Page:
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In Pro Challenge’s absence, Tour of Utah gains momentum

The Tour of Utah has become the most significant stage race on the American racing calendar's second half.

Before this year, the Tour of Utah and USA Pro Cycling Challenge created a 15-day bloc of racing on the second half of the American cycling calendar. Sponsors, fans, teams and riders focused on the two events, with the Colorado race earning greater attention due to its bigger crowd sizes and larger media footprint.

This year, with the USA Pro Cycling Challenge on hiatus, the Tour of Utah has become the premier American cycling event on the racing calendar’s back half. According to race management, the race has seen an uptick in its sponsor lineup, VIP attendance, and even its domestic and international TV footprint.

The race has also gained importance for American pro teams.

“Before, with [USA Pro Challenge] and Utah, you had 15 total days of racing, which is 15 opportunities to get a great result,” says Mike Tamayo, director of Team UnitedHealthcare. “Now you’re down to seven opportunities to get a result. So there’s more pressure to do well at Utah.”

Boost in Business

According to Jenn Andrs, executive director for the race, the race has grown its media footprint, sponsor lineup, and domestic and international television coverage. In the offseason the race added new partners Clif Bar and Mavic, both of which were partners of the USA Pro Cycling Challenge.

Its foreign television coverage also grew. Sports media IMG sold the race’s 2016 TV package to Belgian TV network Eleven Sports, France’s L’Equipe 21, and Sky Sports in New Zealand. Fox is also distributing the race in Australia.

Fox’s domestic TV coverage is also up this year, from 14 to 28 total hours of race coverage, including a primetime slot each night on the FS2 channel.

Andrs said the race has also seen an uptick in sales for its VIP packages.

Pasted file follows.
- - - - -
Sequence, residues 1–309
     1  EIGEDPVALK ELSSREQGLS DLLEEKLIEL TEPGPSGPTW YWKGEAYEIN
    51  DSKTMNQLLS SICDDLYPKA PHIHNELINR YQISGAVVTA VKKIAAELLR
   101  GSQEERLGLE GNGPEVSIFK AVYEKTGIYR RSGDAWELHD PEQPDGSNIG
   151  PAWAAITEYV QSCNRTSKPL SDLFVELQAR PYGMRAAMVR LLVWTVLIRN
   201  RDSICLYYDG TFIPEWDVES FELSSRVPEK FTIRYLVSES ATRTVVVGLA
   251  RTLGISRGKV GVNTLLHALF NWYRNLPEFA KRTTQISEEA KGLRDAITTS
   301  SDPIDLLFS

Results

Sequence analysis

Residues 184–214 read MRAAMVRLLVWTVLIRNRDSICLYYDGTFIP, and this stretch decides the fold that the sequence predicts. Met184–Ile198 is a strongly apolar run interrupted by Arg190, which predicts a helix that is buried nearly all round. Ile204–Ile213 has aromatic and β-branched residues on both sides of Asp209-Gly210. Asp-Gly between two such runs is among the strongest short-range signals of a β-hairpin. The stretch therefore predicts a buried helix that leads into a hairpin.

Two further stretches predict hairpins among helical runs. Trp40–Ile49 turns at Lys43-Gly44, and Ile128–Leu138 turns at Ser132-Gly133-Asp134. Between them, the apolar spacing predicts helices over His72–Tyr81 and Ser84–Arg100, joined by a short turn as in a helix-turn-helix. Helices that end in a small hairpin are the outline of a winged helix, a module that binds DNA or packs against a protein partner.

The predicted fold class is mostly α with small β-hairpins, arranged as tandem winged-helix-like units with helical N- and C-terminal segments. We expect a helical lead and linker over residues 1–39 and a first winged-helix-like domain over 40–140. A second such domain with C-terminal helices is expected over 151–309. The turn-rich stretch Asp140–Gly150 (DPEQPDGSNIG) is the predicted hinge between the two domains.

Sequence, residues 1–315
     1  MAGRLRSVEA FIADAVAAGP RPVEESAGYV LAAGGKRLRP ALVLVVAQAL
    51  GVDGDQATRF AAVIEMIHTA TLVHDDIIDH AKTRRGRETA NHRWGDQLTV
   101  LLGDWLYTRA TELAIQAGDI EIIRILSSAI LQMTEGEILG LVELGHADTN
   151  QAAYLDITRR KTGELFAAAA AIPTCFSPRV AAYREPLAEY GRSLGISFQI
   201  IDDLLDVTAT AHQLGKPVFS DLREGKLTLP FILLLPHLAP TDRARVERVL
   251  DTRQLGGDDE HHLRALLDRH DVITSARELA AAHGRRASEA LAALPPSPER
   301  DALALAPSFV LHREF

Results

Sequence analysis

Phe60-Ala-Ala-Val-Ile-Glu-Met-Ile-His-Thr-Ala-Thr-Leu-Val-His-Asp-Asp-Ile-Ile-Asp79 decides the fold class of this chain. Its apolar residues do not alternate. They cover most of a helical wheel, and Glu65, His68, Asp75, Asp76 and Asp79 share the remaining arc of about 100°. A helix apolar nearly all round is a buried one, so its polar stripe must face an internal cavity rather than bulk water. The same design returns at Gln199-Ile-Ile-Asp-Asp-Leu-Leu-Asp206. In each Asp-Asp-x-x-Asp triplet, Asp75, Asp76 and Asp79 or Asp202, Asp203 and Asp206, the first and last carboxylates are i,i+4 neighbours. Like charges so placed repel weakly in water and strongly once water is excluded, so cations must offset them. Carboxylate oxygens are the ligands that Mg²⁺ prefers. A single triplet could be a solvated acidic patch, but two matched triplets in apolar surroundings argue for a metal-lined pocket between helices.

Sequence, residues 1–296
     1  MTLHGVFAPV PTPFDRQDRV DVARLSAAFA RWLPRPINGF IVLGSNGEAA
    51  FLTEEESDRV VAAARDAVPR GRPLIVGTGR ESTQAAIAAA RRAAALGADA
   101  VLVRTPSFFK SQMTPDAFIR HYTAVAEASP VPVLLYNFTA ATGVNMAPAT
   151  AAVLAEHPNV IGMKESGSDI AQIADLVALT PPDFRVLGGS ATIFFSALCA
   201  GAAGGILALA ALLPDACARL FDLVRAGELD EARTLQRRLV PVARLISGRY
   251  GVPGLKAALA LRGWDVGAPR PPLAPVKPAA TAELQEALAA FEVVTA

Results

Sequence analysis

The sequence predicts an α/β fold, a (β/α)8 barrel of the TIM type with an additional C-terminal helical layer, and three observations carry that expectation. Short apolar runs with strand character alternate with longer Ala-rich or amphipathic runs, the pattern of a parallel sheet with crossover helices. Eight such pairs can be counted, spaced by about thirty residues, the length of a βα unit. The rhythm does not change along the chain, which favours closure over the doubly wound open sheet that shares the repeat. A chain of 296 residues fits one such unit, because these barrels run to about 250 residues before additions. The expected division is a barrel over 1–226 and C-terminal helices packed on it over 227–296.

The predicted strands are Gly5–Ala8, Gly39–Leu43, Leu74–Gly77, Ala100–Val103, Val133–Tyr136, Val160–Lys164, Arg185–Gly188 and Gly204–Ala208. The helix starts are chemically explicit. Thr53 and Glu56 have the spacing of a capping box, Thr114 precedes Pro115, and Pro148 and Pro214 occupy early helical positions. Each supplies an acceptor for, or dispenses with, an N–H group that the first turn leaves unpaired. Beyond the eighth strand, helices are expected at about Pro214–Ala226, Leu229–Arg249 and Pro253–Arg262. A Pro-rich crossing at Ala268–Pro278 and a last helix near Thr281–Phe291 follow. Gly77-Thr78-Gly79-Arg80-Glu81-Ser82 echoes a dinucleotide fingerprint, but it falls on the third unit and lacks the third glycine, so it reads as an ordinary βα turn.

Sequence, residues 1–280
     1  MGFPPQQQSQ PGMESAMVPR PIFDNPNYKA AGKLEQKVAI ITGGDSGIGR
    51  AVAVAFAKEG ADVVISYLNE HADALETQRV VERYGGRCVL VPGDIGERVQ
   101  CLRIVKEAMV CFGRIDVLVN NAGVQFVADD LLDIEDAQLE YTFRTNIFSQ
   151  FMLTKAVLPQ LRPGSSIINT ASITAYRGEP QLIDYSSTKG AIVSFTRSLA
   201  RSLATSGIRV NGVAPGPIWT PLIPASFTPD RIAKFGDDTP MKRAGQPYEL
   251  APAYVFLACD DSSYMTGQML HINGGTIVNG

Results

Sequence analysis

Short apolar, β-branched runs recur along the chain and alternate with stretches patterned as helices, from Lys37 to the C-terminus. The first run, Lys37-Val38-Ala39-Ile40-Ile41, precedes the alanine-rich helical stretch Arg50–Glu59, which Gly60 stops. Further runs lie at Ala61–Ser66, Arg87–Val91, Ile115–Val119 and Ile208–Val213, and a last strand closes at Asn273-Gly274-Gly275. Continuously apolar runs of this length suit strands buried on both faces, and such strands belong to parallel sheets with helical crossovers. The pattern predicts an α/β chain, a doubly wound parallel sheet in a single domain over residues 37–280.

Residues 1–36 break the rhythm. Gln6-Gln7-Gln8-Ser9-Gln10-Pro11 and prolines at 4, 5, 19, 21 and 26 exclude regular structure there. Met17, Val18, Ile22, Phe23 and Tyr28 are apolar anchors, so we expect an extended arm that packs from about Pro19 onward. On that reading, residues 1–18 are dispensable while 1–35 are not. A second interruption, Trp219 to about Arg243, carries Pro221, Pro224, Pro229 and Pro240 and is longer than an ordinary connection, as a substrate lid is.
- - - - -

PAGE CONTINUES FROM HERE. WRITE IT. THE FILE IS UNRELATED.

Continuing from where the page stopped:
“We saw some groups that were hoping to do business in Colorado that came to us instead,” Andrs said. “And we were able to absorb a few partners from [the USA Pro Challenge], but most of our exclusive categories were already full.”

Andrs did not disclose the financial boost the race will see this year. Like the Amgen Tour of California and USA Pro Cycling Challenge, the Tour of Utah relies heavily on sponsorship to cover the race’s expenses. The race has 12 marquee sponsors in its lineup, as well as 42 smaller partners. Andrs valued the larger sponsorships in the low to mid six-figures annually.

“We’re committed to growing the race slowly, and we’re moving in the direction to become a bigger player internationally,” Andrs said.

The race’s ownership, the Larry H. Miller, pays for the event’s costs that are not covered by sponsorship. The Larry H. Miller group owns 17 separate companies, including the Utah Jazz NBA team, a collection of successful auto dealerships, and movie theaters.

Andrs said the race does not yet break even, and that reaching the break-even point is not the primary goal of the event.

“Right now we’re not focused entirely on making money — we’re committed to showcasing Utah,” Andrs said. “I’d love to make a profitable event but we still have a ways to go.”

Riders peaking for Utah

Utah’s added importance has shifted the racing and training schedule for many domestic teams. Instead of using the race as a fitness boost for the USA Pro Cycling Challenge, Utah is now the big prize.

“It’s a bigger part of the schedule now,” said Danny Van Haute, director of the Jelly Belly Pro Cycling Team. “It’s huge for us.”

Jelly Belly and others have spent the last few weeks hosting training camps at altitude to prepare for the race. Team UHC stationed its riders in Utah this year to train for the race. The Rally cycling team rented a house in Nederland, Colorado to train at altitude.

Rob Britton of the Rally Cycling Team, who finished third at the USA Pro Cycling Challenge last year, said he is peaking for Utah this year. In years past, that was not the case.

“I used to go into Utah a bit more fresh knowing that the fitness would build toward Colorado,” Britton said. “Now Utah is really the only race that suits me now. Alberta has a time trial but it’s more of a strong man or sprinter who wins it.”

Teams have also had to target Utah with their best squads. Before, they could rotate riders in and out of the lineup for Utah and the USA Pro Challenge in order to give multiple riders a taste of the climb-heavy stage races. Now, riders who do not compete in Utah have to find other events.

Tamayo said a handful of UHC riders will target local criteriums during the week. Rally team manager Jonas Carney is sending a squad of riders to compete in the July 31-August 9 Tour of Guadeloupe Islands.

“I was going to have eight guys racing Utah and eight guys with nothing to do,” Carney said.

Carney will also come to Utah with a larger number of VIP guests, sponsor staff, and team family and friends. Races serve as an important showcase for sponsors and VIPs. With the USA Pro Cycling Challenge gone, Utah is now the last big opportunity to show a team’s racing value to its backers.

“Utah is the big event now. Utah is the focus,” Carney said. “July has been all about one thing, and that’s getting ready for Utah.”